Ultimately, the arrival of Kearny’s bedraggled army in Los Angeles, diminished by at least one major battle, brought him into collision with Frémont, who had marched earlier from Colorado and waged his own private war for American acquisition. Headstrong as always, Frémont disputed the office of governor with Kearny. His refusal to accept the orders of a superior officer led to a Washington court-martial some months later. Frémont escaped from the charge of mutiny but was dismissed from the Army, reinstated by Polk, and resigned. He would be heard from again, in little more than a decade, as the impromptu and untimely emancipator of Missouri slaves. Kearny, winner of the argument, served briefly as governor-general of Mexico City but fell victim to yellow fever and died in October 1848.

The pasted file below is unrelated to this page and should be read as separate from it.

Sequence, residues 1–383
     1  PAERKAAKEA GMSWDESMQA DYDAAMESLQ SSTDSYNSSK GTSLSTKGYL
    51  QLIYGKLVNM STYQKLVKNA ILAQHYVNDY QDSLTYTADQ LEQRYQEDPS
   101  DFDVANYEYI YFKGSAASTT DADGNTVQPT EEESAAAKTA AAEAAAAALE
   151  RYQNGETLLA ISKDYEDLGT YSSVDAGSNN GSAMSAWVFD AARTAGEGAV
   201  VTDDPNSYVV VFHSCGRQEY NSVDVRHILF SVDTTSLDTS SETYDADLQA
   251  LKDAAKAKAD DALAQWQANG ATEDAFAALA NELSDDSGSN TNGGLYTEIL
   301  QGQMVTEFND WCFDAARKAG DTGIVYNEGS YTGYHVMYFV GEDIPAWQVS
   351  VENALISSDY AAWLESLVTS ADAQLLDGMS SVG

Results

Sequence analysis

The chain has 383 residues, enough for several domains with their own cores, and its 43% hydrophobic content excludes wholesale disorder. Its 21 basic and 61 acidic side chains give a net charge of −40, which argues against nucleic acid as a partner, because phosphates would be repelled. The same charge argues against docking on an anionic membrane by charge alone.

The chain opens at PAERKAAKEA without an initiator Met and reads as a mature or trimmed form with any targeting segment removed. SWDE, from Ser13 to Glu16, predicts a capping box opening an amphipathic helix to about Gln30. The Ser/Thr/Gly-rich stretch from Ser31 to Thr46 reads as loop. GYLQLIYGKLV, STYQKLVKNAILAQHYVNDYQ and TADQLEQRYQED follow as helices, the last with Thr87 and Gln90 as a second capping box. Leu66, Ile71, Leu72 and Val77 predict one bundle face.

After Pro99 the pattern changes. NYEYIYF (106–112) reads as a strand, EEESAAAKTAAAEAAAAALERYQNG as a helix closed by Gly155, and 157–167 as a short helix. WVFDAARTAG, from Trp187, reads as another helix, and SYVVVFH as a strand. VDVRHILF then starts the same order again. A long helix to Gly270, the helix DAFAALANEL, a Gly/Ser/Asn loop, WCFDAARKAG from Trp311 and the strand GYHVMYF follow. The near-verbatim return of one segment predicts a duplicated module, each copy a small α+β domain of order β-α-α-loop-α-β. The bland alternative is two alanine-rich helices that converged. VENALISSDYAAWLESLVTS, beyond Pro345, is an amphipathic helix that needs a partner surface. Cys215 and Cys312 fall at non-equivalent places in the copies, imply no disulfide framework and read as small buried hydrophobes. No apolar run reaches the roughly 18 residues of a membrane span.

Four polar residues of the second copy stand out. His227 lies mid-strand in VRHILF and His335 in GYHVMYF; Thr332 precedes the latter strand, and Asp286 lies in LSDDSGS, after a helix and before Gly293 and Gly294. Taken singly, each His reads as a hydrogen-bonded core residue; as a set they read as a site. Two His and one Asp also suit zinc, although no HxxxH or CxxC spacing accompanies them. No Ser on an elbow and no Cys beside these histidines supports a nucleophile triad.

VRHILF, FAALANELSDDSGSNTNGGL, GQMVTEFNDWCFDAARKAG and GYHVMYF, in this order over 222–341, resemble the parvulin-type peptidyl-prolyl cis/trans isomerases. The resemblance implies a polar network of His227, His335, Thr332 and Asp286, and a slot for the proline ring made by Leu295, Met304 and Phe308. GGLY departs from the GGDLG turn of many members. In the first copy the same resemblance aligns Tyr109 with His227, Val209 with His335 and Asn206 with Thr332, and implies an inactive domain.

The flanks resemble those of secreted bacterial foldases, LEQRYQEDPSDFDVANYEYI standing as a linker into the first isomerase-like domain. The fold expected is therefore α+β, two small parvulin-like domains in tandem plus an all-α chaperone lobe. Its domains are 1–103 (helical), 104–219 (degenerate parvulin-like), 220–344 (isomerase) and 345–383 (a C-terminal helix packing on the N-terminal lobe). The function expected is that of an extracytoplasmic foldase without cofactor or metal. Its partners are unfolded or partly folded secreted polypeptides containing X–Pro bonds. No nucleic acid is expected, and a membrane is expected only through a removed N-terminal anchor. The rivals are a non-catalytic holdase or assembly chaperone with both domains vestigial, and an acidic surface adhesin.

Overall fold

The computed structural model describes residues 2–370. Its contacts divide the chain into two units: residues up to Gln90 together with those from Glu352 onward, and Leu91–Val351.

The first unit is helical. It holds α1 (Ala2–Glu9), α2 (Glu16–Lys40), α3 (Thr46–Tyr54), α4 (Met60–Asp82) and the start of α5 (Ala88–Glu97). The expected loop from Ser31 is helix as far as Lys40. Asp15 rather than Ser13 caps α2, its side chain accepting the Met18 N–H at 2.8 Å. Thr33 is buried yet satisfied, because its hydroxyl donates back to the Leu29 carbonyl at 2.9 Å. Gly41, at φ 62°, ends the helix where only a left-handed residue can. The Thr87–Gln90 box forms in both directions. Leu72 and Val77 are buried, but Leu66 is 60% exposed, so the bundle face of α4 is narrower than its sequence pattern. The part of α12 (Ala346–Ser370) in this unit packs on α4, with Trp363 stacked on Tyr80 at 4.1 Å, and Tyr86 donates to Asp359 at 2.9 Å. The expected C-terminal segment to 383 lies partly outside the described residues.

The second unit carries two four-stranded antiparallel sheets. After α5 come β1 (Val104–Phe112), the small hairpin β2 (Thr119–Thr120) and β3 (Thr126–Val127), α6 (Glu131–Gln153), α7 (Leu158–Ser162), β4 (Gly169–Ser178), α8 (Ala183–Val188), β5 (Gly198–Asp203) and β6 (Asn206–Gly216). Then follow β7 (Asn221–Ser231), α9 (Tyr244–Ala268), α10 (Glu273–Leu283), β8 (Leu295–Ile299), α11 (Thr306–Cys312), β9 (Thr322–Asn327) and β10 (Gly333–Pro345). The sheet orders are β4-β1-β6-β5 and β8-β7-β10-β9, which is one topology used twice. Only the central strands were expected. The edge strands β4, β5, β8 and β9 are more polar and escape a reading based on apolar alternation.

These two titans are not the only dramatis personae of Groom’s vivid account. Other principals include the Mormons, then in quest of the Zion they would find in Utah, beyond the hostile reach of the United States. And the tragic Donner party, who set out on bad advice to cross the Sierra by a shortcut called the “Hastings Cutoff.” They were trapped in the passes by early snows and their fate is gruesome and legendary. Groom calls his account of that fate “The Horror,” echoing the last words of Conrad’s Kurtz: a figure of fiction who exemplifies the pressure of unfriendly nature and isolation on civilized norms. Groom writes:

On .  .  . the same day .  .  . Kearny marched victorious into Los Angeles, Luis and Salvador, the two Miwok Indians accompanying [the Donner travelers] in their attempted escape from the Sierra, were killed and eaten by starving members of the party.

As that stark sentence suggests, Groom’s retelling of the Year of Decision is brisk, unblinking, unsentimental, and sometimes grim. And appropriately so. This is not a tale for dainty or euphemistic narration, and Groom knows warfare at first hand. The story is all too human, marking our perennial capacity for good and evil, the heroic and the shameful, the tragic and the triumphant.

Edwin M. Yoder Jr. is the author, most recently, of Vacancy: A Judicial Misadventure.

Next Page